Watching this Debate on Extinctions, I was struck by the fact that the assembled panel seemed to have no clear consensus on the morality of recreating Neanderthals, even though most of them seemed to be in no doubt that this would be at least technically feasible within a matter of decades.
That video is the second half of a fairly long debate, so I'll just summarize a couple of points I think are now generally accepted by researchers, as background to the ethical issue...
1: Neanderthals had very limited language capabilities (they lacked the anatomy for versatile vocalization, the brain areas concerned with symbol processing are underdeveloped, etc.).
2: It looks like Homo Sapiens didn't just "outcompete" Neanderthals for resources - our ancestors systematically exterminated all other hominids they encountered. Which wasn't too difficult, since "we" could devise, communicate and refine plans for a better future, which other hominids couldn't.
I reason from the above "facts" that if we did recreate Neanderthals, our ability to communicate with them would forever be on a par with how we interact with, say, cats and dogs - they don't and never could have anything like human self-awareness, or a concept of "the meaning of [their] existence".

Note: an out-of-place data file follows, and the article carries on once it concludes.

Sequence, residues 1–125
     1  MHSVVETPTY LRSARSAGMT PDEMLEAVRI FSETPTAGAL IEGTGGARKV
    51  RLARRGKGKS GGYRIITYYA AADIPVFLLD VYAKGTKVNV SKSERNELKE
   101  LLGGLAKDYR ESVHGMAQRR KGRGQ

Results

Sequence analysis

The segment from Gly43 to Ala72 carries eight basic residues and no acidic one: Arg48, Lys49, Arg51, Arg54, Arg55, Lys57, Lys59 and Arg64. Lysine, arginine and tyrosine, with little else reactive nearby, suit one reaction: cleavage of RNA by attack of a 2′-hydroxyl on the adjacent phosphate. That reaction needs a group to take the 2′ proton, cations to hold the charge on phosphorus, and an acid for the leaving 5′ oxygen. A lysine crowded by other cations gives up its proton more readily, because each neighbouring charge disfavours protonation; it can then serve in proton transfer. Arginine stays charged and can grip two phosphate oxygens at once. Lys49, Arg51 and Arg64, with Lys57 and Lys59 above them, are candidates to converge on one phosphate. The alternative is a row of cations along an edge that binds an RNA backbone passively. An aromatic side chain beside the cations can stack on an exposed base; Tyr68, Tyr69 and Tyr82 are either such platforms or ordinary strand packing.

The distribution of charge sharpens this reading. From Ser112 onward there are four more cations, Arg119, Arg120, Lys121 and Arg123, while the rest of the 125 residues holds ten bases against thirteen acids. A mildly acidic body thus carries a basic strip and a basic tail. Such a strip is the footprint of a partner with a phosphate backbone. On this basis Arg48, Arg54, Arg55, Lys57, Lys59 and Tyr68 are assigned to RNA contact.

I don't want to get bogged down in whether those "facts" are irrefutably established in the specific case of Neanderthals - if not them, there will surely be other even more primitive hominids we could eventually recreate, who would most definitely lack those mental capabilities we define today as "quintessentially human".
I'm also completely uninterested in the religious perspective here. I think religion and morality are at best orthogonal, and only "secular" morality can be expected to prevail in the long run.
Finally, I don't think the morality of recreating Neanderthals strongly correlates with the morality of creating self-aware Artificial Intelligence (which may or may not be technically possible), since in that case by definition our "unnatural creation" would be able to discuss their circumstances with us, as rational thinking entities. In essence, what I want to focus on is...
Exactly why might it be "immoral" to (re)create a relatively intelligent but not self-aware humanoid biped (complete with opposable thumbs, etc., and all that implies)?
EDIT: To keep things tightly constrained, I want to address this issue in terms of Utilitarianism. I can easily find texts exploring the ethical treatment of existing animals from that perspective, but I'm specifically interested in the ethics of (re)creating a "non-self-aware, but intelligent" animal.